• From the Australian and New Zealand Registry of Advanced Glaucoma (ANZRAG) and genome wide association studies (GWAS) new genes were found of relevance to glaucoma.  We are interested in studying the most important pathway and role, and modulation of these relevant genes for RGC survival to pave the way for appropriate treatment for glaucoma in patients with already approved drugs. We have developed software that can accurately and reliably map out these pathways making targeted modulation of these genetic loci considerably simpler.
  • We have shown that Angiotensin II blockers have neuroprotective effect and hence can be used in the treatment of glaucoma. We are interested to see if these neuroprotective agents can be augmented through activity of GWAS significant genes, paving the way for relatively cheap ‘tailor made’ glaucoma therapies for susceptible individuals where the mechanism of action can be clearly understood.  There is also some very recent evidence that not only do Angiotensin II blockers have direct neuroprotective properties on retinal ganglion cells,  possibly via modulation of GWAS significant glaucoma genes, but they may subtly alter properties of fibroblasts and sclera helping to confer additional protection. Connective tissue modulation properties of these drugs have been known for some time in the cardiovascular literature. It may be that these drugs have multiple uses in the management of glaucoma. We are interested in developing a targeted drug delivery for treatment of glaucoma using this as a model and so we aim to develop a non-invasive, localised delivery system for these medications.  As we can directly see the drug targeting in the eye, this may serve as a model for targeted drug delivery to other parts of the body.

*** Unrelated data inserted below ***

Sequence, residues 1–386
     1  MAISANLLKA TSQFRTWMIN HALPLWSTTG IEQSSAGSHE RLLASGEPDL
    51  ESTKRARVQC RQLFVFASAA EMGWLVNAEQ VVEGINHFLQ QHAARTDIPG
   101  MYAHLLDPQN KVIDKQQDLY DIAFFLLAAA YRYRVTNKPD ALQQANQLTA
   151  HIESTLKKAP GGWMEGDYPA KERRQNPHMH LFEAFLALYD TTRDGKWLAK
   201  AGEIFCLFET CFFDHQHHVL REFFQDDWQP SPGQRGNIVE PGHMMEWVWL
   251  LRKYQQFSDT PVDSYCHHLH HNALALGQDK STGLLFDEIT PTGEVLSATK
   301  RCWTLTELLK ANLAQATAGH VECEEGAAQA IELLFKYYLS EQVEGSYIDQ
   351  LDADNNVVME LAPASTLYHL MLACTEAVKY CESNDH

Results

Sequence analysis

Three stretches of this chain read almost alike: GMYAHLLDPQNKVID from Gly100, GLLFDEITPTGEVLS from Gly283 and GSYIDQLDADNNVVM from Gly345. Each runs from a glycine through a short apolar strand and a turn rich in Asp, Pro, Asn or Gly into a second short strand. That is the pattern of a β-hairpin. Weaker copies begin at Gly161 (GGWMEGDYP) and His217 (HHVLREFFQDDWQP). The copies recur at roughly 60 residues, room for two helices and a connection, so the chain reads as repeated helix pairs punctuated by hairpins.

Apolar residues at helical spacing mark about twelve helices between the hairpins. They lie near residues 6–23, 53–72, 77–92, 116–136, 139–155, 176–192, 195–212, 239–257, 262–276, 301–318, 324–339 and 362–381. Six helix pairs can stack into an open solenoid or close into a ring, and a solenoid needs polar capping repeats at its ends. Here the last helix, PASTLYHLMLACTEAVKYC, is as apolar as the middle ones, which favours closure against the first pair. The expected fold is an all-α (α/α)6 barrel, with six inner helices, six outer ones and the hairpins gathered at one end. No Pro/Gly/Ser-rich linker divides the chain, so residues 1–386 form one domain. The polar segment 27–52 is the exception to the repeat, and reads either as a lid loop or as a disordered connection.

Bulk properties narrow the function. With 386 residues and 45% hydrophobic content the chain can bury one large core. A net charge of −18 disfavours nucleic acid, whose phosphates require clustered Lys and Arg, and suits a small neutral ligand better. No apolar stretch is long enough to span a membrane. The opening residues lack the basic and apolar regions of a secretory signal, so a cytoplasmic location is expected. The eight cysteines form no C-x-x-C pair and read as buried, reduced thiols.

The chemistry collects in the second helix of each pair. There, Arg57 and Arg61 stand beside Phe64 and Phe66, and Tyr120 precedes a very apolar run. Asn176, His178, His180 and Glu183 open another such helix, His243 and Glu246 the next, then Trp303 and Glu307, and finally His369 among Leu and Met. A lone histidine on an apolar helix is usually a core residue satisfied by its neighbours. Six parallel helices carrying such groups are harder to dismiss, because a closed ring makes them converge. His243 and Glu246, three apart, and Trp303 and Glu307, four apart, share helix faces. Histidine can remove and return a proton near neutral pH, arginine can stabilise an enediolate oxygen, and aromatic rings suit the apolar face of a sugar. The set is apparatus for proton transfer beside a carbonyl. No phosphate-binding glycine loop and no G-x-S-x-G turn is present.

• We are using big data, neural networks and image analysis techniques to help identify patients most at risk of losing vision from glaucoma and so most in need of aggressive follow up and treatment. As part of that we are developing new portable devices and add-ons to smartphones that may aid this process. We are working with the Faculty of Engineering at the University of Sydney to develop other new devices to aid in the treatment of eye diseases.